The large UK asset owner releases its first net zero transition plan, warning longer-term goals will be difficult without robust policy support.
UK-based long-term savings and retirement business Phoenix Group has admitted it will be a “challenge” to meet its long-term climate goals, as it launched its net-zero transition plan this week.
The asset owner’s carbon footprint is around 24 million tonnes of CO2, according to Dr James Wilde, Chief Sustainability Officer at Phoenix Group – equivalent to 5% of the UK’s emissions or the heating of over eight million homes.
It has pledged to decarbonise its £0.3 trillion investment portfolio through tilting its portfolio toward climate-positive investments and increasing its stewardship efforts with carbon-intensive investee companies. Specific actions include moving workplace pension customers to default sustainable plans and introducing customised decarbonising benchmarks for its credit and equity portfolios.
Phoenix has already transferred 1.5 million of its 12 million customers to sustainable multi-asset strategies and a spokesman said over the next 12-18 months, it is planning to apply a customised decarbonising benchmark to £40 billion invested across its UK and US equity portfolios.
Over the last two years it has invested £2.3 billion in sustainable assets including a £100 million venture capital fund that directly invests in climate solutions and a £330 million fund directly investing in winners in the transition.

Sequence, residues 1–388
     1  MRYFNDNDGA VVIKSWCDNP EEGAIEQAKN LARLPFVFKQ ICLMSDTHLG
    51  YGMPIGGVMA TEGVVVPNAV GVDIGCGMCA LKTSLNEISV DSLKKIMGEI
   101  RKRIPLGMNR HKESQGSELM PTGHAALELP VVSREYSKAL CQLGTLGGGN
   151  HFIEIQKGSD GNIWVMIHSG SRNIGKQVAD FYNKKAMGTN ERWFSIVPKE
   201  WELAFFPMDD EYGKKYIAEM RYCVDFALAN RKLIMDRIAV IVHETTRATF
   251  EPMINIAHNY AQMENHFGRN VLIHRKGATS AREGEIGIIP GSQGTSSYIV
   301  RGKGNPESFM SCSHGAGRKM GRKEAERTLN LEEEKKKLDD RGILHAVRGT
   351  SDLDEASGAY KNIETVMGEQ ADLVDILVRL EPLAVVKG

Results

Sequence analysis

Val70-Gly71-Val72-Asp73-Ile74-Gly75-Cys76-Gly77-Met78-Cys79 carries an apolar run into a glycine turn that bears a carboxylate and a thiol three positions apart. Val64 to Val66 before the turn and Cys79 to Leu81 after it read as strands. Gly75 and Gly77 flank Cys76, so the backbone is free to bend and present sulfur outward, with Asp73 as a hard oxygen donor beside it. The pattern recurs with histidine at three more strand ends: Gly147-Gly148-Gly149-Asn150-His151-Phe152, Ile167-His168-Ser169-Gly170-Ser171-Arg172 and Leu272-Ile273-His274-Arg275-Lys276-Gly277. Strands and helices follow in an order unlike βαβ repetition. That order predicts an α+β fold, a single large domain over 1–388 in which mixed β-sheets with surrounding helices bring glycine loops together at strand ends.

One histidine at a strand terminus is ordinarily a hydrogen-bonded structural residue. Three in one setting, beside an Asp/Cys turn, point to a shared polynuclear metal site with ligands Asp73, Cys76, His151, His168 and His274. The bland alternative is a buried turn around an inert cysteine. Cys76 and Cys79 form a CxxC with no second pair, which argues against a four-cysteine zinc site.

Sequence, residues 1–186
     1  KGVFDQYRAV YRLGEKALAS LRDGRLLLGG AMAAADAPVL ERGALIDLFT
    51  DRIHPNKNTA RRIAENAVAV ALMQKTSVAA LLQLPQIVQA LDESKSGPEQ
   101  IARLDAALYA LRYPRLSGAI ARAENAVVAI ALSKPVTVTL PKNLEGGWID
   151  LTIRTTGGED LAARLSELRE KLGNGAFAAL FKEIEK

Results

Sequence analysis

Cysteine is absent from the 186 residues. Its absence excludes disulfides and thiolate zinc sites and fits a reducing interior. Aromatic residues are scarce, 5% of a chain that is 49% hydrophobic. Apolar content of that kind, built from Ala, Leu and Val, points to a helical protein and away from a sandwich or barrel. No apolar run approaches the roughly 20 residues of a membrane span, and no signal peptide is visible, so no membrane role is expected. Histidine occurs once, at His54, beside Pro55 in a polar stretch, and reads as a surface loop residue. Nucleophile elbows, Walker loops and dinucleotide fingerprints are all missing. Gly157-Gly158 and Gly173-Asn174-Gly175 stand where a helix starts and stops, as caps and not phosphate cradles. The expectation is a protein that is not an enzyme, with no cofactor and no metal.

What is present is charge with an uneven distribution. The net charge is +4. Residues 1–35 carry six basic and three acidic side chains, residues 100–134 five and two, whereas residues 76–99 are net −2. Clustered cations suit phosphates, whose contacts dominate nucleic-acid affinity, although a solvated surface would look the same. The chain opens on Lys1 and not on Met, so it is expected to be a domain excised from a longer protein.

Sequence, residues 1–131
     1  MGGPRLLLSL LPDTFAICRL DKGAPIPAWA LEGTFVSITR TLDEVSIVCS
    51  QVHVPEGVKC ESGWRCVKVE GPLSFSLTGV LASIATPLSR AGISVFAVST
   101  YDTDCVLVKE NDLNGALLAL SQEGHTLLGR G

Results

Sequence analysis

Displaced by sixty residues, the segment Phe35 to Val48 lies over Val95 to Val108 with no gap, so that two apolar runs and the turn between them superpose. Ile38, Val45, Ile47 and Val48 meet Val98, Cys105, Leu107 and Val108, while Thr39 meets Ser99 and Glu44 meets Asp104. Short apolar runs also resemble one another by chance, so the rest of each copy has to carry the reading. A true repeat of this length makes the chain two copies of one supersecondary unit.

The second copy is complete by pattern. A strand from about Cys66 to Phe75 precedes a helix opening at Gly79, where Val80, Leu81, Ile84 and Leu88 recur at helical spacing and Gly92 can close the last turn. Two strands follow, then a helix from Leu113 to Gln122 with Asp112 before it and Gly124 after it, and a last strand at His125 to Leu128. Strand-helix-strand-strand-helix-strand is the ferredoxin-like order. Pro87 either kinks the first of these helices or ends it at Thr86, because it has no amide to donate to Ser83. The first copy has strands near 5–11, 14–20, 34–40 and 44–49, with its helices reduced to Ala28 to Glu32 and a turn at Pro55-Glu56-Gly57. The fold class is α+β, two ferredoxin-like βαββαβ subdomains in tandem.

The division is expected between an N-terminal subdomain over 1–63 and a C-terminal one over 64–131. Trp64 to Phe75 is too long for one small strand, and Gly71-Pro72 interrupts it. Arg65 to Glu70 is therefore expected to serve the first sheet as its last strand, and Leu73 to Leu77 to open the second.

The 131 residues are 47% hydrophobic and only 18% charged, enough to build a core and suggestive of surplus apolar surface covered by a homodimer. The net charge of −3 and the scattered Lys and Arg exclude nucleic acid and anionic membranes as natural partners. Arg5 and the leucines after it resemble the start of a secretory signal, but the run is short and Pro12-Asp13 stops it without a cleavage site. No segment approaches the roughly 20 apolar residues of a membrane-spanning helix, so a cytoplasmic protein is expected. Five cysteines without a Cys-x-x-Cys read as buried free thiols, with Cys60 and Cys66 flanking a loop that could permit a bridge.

“Much more challenging”
Speaking yesterday at the Net Zero Delivery Summit in London, Wilde said while Phoenix was confident it would meet its 2025 targets, its scenario analyses have shown hitting its 2030 target will be “much more challenging”.
Phoenix Group has a first interim target of a 25% reduction in the carbon intensity of around £160 billion of listed equities and credit by 2025.
The firm belongs to the UN-convened Net Zero Asset Owner Alliance, members of which are expected to target a 22-32% reduction in sub-portfolio emissions by 2025 and a 40-60% reduction by 2030.
Wilde said its 2030 target of at least a 50% reduction in the carbon intensity of the around £250 billion in assets it controls would be challenging for a universal owner invested in the whole economy. “We’re talking about large amounts of investment that needs to be financially attractive,” he said. “So, there we become much more dependent on government policy.”
He said a big component of its transition plan was engaging customers “to take them on the journey” and with government and regulators, noting that its £40 billion in sovereign investments had a very large carbon footprint of 10 million tonnes of CO2.
Phoenix Group also has a targeted engagement programme with 25 companies that make up 40% of the financed emissions in its portfolio. The companies include EasyJet, Equinor, National Grid and Total.
The firm regards divestment as an engagement tool of last resort, saying there is “limited evidence of a clear connection” between divestment, corporate strategy and emissions reduction.
Phoenix Group’s Net Zero Transition Plan is built on science-based targets and is aligned with the UK government’s Transition Plan Taskforce (TPT) disclosure framework and guidance from the Glasgow Financial Alliance for Net Zero (GFANZ).
The firm is expecting to update its plan every three years, in line with guidance from the TPT, subject to further decisions by the government on incorporating transition plans into mandatory reporting requirements.